It is hard to break the habit of reading the Greek Old Testament merely as a witness to a Hebrew Vorlage. Tessa Rajak puts it poignantly,
Because of the complexity of its relationship with a range of Hebrew precursors, because of the sheer number of recensions which the Greek text underwent, and because of our lack of grip on the scope and purpose of these, the textual history is one of mind-bending difficulty. Naturally, then, the Septuagint has been a hunting ground for textual critics, and at times in the past it was virtually abandoned by scholars with other kinds of interests, to remain the exclusive preserve of the textual critics–probably without too much regret. (19)
Several weeks back, Ken Penner pushed the LXX-Isaiah-in-a-year Facebook group to try to do a little more, to make observations about the Greek text itself. This encouragement has lingered in the back of my mind ever since. I picked up Rajak’s book in hopes that it might serve as a model. She writes,
Suffice it to say that here I do not foreground the issues which have dominated, at a guess, 90 per cent of Septuagint scholarship for the past century-and-a-half, and that have deterred even the more adventurous from entering wholeheartedly into other important and interesting questions. One needs to be aware of the instability of the text and to understand how to handle it. But I contend that it is possible to write about the history of the translations without engaging in continual text-critical study–and without waiting another hundred and fifty years… In many places there are no variants. Broad tranches of wording stay constant across textual diversity. Another point on which I lean is that at any one place and time people had their own conception of the original work of the Alexandrian translators, whether or not they could be sure that the text in front of them was that text; and that conception is eminently worth discussing. (20)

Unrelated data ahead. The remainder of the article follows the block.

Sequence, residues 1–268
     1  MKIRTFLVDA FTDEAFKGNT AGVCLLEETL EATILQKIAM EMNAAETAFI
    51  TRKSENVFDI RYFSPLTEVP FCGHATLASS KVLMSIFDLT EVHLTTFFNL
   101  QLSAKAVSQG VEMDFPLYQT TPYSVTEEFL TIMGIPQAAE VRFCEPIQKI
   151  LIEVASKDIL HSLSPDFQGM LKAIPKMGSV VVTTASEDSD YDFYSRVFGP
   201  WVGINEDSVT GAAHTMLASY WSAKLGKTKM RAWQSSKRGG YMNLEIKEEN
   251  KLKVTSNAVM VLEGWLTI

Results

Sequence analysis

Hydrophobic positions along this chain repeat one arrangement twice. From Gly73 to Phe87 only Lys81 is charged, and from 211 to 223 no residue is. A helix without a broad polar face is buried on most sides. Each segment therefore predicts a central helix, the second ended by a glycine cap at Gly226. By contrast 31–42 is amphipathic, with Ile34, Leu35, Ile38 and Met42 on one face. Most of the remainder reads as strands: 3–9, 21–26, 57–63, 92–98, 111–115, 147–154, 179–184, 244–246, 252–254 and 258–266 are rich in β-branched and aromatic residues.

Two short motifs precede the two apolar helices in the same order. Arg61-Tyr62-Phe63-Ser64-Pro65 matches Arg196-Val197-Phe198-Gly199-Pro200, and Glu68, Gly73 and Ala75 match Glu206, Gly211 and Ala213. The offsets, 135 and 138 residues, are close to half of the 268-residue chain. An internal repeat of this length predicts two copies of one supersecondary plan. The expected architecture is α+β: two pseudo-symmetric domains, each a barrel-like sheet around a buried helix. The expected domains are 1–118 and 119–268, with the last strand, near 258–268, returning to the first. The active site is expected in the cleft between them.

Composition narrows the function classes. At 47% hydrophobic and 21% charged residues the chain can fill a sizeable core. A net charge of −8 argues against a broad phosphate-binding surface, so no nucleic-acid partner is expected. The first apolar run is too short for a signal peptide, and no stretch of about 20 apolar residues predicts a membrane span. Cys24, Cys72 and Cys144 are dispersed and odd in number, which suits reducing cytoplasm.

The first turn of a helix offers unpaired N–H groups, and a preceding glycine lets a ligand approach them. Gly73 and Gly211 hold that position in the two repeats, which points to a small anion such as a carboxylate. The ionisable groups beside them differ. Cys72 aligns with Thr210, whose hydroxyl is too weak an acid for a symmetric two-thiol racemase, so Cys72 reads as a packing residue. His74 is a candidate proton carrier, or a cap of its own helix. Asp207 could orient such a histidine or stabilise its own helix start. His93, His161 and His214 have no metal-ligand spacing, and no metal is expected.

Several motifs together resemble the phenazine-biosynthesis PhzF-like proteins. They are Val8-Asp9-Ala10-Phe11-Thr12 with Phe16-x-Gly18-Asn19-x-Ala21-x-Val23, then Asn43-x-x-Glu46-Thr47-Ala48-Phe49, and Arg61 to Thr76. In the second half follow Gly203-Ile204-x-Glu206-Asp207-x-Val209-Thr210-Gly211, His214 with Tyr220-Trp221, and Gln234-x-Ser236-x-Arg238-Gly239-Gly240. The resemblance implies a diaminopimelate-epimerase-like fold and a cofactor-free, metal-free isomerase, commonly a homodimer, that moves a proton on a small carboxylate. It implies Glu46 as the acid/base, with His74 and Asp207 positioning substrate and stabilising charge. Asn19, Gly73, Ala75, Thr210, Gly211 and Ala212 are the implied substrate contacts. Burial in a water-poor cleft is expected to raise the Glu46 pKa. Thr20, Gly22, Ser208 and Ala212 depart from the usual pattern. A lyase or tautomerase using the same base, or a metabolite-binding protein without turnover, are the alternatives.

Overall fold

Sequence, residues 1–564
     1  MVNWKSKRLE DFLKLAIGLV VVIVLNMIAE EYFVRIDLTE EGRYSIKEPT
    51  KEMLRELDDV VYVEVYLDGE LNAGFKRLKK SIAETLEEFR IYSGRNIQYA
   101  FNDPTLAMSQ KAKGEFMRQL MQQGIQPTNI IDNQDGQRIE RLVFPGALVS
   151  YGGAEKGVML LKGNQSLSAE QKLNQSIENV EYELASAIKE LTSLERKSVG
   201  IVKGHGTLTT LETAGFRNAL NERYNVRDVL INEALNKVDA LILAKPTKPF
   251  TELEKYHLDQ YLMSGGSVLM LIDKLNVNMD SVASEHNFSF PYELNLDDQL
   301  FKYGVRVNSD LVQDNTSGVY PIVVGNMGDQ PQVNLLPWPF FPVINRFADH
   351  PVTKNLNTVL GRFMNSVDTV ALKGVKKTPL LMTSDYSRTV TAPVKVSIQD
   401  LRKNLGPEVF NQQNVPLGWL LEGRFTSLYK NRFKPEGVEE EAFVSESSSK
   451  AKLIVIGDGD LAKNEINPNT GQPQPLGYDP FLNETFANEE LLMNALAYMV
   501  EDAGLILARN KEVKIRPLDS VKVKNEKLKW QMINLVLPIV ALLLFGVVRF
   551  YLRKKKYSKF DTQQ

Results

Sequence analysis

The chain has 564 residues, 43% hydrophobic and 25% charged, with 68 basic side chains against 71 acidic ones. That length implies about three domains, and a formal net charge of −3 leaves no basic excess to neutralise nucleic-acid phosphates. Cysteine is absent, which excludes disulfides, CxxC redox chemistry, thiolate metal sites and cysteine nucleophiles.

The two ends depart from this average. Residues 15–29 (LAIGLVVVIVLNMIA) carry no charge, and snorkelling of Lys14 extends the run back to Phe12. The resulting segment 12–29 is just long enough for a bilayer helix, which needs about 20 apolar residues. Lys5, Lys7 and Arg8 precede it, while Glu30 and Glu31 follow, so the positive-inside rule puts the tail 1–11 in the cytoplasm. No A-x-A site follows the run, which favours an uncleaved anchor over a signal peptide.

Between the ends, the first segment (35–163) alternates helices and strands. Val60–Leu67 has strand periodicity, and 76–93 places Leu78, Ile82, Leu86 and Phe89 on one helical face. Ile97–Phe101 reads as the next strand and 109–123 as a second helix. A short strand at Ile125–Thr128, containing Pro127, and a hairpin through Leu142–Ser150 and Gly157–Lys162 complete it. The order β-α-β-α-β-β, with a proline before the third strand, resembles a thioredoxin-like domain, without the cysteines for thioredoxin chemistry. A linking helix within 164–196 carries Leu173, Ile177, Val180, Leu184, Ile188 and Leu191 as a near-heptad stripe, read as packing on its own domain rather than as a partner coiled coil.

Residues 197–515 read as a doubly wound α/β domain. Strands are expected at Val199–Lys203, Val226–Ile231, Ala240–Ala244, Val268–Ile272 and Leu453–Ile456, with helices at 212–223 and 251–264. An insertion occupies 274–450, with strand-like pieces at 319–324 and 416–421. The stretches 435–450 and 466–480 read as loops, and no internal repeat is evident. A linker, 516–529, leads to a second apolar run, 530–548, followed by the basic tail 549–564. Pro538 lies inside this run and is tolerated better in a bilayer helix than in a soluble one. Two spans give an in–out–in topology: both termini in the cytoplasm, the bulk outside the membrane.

Tessa Rajak. Translation and Survival : The Greek Bible of the Ancient Jewish Diaspora. Oxford: Oxford University Press, 2009.